The one area where McNair is lacking at the moment is in a certain defensive resoluteness. He was substituted during the first half of the 2-1 win at Southampton in December when Van Gaal felt McNair had lost his confidence. He conceded several chances and struggled with the physical threat posed by Shane Long and Graziano Pelle. And, while he generally dealt well with Didier Drogba against Chelsea, he struggled physically up against Everton striker Romelu Lukaku. He was also weak in the challenge on James McCarthy in the lead-up to Everton’s first goal and then lost the ball in a dangerous position in the second half.

Another area which requires defensive improvement is when the ball is played in behind him. While he is strong when the ball is in front of him, he has shown he can struggle when he has to turn back to his own goal, as demonstrated when he fouled Darren Fletcher to concede the free-kick from which West Brom scored their winner. As a right-footed player on the left side of the defence, it’s only natural there will be occasions when he is slightly out of position and he will learn how to sharpen up his positional sense.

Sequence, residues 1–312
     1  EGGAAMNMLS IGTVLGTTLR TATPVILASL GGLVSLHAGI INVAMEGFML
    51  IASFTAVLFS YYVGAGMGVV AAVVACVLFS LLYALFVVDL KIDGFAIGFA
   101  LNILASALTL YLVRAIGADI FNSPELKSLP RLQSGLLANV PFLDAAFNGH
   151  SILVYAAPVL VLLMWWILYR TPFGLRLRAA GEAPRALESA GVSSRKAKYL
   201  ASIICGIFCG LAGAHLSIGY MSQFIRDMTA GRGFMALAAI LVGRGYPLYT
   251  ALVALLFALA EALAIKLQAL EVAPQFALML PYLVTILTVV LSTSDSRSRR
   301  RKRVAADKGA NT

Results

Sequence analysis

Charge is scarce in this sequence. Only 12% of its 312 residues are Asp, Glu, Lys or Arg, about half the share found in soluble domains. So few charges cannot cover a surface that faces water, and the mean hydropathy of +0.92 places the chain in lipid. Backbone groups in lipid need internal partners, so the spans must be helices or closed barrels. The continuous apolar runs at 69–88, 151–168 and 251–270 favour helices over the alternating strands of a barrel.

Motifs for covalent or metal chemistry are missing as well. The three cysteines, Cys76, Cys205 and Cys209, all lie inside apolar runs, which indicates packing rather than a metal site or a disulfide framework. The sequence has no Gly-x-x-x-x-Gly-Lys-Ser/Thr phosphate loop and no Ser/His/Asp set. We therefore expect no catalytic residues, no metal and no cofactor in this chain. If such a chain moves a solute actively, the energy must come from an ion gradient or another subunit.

His defensive attributes, especially from a physical point of view, will improve with experience given that he didn’t start out as a natural defender.


What does the future hold?

The future looks extremely bright for McNair and there is no reason why he can’t become a United regular for the next decade and more, be it at right-back, centre-back or even in midfield. With doubts over the long-term futures of the likes of Evans and Phil Jones, McNair has already demonstrated that he can make his mark in the starting line-up and not look out of place.

He would probably benefit from a full season of playing first-team football and a loan move to another Premier League club could be of use next term, if he isn’t going to play 30-odd games for United. However, if United sign a player like Mats Hummels, for instance, then McNair may benefit more from learning alongside a defender with more experience.